Today was a bad day. I don’t think I’ve had a day like this in over a year, maybe even two. Whatever, a long time. A terrible, no good, very bad day. Arguments with my roommate, arguments with my sweetie, both made for a day I might have felt fleetingly strong, but also so very much alone.
But even today, this very-bad day, I spent many hours this afternoon with good friends, who listened, commiserated, and rubbed the knots in my back. Made me feel loved, for which I am so very grateful. Then I get home, and then decide to buy myself some ginger beer as a mixer for the Jameson I already have.
Downstairs at Mohammed O’Looney’s, I select my ginger beer and hand a 20 to the cashier; either the son, brother, or cousin of the eponymous Mohammed. I’ve seen him literally every other day for the last 500 of them.
He takes my twenty and hands me back change for a hundred; over ninety dollars. I look at the bills in my hand, with the sneaking suspicion that there are too many of them to be kosher, when I see proof in multiple twenties.
I don’t even think; I hand them back to the man and say: ” I think I gave you a twenty”. He blushes, somewhat embarassed to have made the mistake, and quickly gives me the right change.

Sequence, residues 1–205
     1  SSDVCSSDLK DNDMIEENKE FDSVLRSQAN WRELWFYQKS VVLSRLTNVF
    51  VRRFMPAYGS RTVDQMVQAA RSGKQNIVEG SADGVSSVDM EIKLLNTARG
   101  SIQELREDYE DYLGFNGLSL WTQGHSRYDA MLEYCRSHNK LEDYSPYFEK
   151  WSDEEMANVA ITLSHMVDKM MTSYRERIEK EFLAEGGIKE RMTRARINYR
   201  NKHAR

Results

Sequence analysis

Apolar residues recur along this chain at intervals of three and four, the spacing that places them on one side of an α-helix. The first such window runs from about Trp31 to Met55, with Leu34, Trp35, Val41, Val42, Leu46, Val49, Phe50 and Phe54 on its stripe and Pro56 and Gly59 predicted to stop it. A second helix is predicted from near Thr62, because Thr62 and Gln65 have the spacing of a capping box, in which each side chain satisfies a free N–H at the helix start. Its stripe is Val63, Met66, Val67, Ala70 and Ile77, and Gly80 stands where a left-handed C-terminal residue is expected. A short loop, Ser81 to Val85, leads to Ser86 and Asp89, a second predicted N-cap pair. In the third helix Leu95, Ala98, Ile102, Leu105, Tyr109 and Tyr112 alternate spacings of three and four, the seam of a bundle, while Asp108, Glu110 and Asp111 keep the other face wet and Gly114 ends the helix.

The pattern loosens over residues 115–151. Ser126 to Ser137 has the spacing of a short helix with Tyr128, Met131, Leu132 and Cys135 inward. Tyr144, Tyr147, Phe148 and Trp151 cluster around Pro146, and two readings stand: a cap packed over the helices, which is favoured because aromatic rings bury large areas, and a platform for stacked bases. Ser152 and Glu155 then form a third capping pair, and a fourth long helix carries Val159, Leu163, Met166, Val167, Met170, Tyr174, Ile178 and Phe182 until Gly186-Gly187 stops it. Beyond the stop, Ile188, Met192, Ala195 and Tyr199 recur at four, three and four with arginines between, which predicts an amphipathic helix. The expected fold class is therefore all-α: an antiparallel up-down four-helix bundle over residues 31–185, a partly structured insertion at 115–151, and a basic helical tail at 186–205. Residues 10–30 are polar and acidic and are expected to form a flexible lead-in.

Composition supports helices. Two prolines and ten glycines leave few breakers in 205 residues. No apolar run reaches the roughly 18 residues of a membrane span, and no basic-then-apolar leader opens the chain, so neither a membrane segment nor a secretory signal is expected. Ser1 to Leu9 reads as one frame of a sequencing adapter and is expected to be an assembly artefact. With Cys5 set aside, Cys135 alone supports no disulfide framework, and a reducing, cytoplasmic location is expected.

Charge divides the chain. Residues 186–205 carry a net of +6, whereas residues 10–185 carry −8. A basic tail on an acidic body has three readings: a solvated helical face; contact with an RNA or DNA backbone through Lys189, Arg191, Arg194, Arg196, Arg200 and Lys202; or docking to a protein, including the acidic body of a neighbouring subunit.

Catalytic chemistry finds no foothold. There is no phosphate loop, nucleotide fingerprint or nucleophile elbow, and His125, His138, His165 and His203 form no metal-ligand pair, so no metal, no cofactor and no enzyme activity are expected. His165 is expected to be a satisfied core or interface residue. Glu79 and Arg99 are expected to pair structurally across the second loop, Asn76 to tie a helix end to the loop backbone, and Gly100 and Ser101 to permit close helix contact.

It feels good at this moment: I didn’t have to think. My instinct was to do the right thing. The moral thing. It’s good to know that without thinking, that’s what I’ll do.
Or so I’d care to think.
From a translation of what Chinese bloggers and foreign experts said was a “final statement” written by Liu Xiaobo last December, two days before he was sentenced to 11 years in jail:
“Ask me what has been my most fortunate experience of the past two decades, and I’d say it was gaining the selfless love of my wife, Liu Xia. She cannot be present in the courtroom today, but I still want to tell you, sweetheart, that I’m confident that your love for me will be as always. Over the years, in my non-free life, our love has contained bitterness imposed by the external environment, but is boundless in afterthought. I am sentenced to a visible prison while you are waiting in an invisible one. Your love is sunlight that transcends prison walls and bars, stroking every inch of my skin, warming my every cell, letting me maintain my inner calm, magnanimous and bright, so that every minute in prison is full of meaning. But my love for you is full of guilt and regret, sometimes heavy enough hobble my steps. I am a hard stone in the wilderness, putting up with the pummeling of raging storms, and too cold for anyone to dare touch. But my love is hard, sharp, and can penetrate any obstacles. Even if I am crushed into powder, I will embrace you with the ashes”
This morning, I found a parakeet in front of my porch, a small pathetic ball of bright yellow against the wet pavement, shivering, trying to fly but not succeeding. I immediately felt sad for it, and wanted to do something. Then wondered why. In the great grand scheme of things, many animals die. They starve, they get hit by cars, they are torn to death by predators or their own kind. And generally, I’m fine with that. That is the way things are. But with this parakeet, I felt somewhat different, and responsible.